Government officials arrested a man in Southern California Wednesday with allegedly enough fentanyl to kill 12 million people. The 60-year-old suspect was arrested and charged by California officials in Fullerton with one felony count of selling and transporting a controlled substance and several other felony counts of possession of sale with intent to sell.
According to news reports, California Highway Patrol officers found around four kilos of fentanyl in Alfonso Gomez-Santana’s vehicle during a traffic stop. Officials then searched the suspect’s house to discover 20 more kilos of fentanyl, several thousand dollars of fentanyl pills, and 122 grams of methamphetamine. While Gomez-Santana pleaded not guilty to the charges during an arraignment Friday, if he is convicted, he would only serve a maximum sentence of 80 months in the Orange County Jail.
Some officials argue that the sentence of 80 months is lackluster, given the national fentanyl epidemic that has resulted in the deaths of more than 100,000 Americans since 2021. Both Orange County and Riverside County District Attorney’s Todd Spitzer and Mike Hestrin suggested harsher penalties for people involved in producing and selling fentanyl to combat the rising national epidemic.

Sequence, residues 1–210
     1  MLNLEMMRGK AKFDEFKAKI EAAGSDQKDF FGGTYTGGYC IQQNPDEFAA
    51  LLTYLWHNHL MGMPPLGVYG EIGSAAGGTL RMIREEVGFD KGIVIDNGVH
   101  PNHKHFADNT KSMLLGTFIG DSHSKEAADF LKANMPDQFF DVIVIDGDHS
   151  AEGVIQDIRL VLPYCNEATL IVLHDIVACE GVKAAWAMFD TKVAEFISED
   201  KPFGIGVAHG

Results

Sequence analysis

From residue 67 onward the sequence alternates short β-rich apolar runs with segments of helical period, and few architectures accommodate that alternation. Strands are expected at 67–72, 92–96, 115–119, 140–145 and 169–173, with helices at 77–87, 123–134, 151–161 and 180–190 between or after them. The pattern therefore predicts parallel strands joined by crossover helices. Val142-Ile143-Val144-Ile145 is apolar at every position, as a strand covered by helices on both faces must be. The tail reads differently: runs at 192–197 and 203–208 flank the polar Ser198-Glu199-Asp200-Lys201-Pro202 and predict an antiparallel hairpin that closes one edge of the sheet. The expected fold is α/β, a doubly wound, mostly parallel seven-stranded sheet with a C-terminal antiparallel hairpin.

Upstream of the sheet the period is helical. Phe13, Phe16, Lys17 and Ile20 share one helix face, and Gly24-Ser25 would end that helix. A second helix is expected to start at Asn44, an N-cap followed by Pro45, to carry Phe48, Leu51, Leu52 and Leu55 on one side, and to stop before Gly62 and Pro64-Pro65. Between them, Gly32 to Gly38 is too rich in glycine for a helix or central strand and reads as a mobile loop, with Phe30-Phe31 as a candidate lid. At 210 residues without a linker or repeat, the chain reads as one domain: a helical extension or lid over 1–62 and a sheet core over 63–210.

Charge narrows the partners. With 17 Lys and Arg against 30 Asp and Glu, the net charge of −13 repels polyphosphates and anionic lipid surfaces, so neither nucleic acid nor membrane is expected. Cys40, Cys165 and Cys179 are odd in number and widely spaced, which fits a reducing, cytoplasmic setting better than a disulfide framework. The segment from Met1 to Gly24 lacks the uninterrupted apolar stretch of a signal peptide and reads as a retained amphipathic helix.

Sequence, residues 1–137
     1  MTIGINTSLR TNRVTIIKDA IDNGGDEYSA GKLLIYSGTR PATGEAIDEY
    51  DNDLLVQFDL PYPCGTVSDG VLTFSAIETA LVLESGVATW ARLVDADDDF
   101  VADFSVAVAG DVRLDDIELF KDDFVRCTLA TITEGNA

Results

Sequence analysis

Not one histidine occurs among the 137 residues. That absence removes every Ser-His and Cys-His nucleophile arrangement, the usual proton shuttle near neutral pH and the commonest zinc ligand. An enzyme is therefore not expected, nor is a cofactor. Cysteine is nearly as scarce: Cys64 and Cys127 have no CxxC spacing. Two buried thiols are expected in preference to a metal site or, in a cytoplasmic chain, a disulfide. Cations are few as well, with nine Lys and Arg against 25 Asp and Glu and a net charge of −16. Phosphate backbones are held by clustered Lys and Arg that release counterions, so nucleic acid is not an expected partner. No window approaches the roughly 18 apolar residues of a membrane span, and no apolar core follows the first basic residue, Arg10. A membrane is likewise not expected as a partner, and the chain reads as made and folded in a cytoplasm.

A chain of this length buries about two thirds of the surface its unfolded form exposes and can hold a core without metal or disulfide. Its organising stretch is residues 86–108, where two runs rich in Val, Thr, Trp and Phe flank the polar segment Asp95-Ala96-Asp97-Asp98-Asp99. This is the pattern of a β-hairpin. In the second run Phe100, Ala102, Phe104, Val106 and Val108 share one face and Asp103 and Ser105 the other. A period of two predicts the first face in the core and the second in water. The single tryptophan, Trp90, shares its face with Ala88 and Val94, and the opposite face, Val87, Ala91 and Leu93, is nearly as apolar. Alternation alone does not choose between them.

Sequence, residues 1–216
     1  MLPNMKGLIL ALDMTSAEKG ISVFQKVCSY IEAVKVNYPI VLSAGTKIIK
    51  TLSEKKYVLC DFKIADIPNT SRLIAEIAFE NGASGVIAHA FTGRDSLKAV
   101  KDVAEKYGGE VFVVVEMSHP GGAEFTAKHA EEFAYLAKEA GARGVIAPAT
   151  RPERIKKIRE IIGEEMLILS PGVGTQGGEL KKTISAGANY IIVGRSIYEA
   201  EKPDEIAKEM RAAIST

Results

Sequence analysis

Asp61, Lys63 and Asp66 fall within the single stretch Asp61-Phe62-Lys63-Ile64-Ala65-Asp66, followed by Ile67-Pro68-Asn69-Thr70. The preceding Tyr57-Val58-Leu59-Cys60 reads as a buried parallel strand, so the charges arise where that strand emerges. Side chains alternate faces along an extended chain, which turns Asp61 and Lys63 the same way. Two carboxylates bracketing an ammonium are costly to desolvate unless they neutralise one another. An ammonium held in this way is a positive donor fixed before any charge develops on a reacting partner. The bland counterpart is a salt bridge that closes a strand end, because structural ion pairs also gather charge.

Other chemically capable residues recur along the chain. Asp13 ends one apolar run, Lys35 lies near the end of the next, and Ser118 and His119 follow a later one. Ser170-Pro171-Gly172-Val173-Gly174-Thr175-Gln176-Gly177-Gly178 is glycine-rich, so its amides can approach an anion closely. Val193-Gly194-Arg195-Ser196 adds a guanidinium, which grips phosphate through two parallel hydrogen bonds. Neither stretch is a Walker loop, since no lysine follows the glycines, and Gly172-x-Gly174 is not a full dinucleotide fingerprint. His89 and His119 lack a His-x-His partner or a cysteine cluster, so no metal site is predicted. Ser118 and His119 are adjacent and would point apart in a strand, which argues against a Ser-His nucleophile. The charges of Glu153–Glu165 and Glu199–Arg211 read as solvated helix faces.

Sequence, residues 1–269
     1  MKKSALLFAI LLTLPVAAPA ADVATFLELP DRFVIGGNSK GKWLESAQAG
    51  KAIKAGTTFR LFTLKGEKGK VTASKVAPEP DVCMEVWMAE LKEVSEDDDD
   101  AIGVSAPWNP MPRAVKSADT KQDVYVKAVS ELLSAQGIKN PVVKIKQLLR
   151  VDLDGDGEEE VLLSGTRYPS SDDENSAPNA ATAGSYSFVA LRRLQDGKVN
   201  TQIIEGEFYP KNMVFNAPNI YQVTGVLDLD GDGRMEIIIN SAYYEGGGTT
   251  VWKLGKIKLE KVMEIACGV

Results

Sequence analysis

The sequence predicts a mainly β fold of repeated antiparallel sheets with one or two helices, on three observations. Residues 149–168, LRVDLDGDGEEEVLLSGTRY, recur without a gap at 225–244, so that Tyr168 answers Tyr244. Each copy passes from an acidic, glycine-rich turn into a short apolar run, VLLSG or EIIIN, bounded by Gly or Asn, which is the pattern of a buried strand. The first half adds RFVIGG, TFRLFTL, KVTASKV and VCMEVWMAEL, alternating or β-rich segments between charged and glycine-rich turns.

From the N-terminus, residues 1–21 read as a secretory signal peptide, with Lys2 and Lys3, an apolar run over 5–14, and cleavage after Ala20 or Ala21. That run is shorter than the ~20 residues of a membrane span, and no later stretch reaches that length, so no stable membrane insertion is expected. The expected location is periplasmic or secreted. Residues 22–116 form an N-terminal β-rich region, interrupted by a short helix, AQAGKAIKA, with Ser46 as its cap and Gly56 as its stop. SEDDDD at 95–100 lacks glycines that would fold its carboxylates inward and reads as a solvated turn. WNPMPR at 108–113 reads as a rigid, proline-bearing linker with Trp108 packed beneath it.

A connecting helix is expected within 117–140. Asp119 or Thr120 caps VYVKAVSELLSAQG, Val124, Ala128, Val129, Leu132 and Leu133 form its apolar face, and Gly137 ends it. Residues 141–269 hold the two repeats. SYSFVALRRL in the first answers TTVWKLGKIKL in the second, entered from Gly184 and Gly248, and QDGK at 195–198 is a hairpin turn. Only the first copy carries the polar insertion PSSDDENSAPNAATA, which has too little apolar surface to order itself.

In 2021, Spitzer and Hestrin announced new laws targeting fentanyl dealers and called for them to face second-degree murder charges for drug sales resulting in death. In a statement regarding the fentanyl epidemic, Spitzer stated that if states like California do not strengthen penalties for drug dealers, American families will wake up to see their children die from massive doses of this substance disguised as recreational drugs.
For the past few years, local law enforcement in states like California, Arizona, Texas, and other border states in the U.S. have warned Americans of the rapid growth in the number of deaths related to deadly drugs like fentanyl. According to recent statistics, from 2019 to 2021, fentanyl overdose deaths more than tripled among teenagers and surged fivefold among Black teenagers. Officials warn that two milligrams of such synthetic opioids can be enough to kill an individual, making it cheaper and more potent than other drugs like morphine or heroin.
Much of the fentanyl that many Americans are consuming comes from illegal drug traders crossing the U.S. Southern border, prompting outrage from American citizens against the Biden administration for its inability to stop the influx of narcotics. In Congress, lawmakers on both sides of the political aisle have blamed the Biden administration and the head of the Department of Homeland Security, Alejandro Mayorkas, for removing the former Trump administration’s policies that tightened the U.S. border and cracked down on drug trafficking.
Instead of waiting for federal action, states like Texas and Arizona have taken it upon themselves to use local law enforcement and coordinate with the Department of Homeland Security (DHS) to manage this issue. Governors, mayors, and local district attorneys have exhausted the resources at their disposal while calling on the President to do more.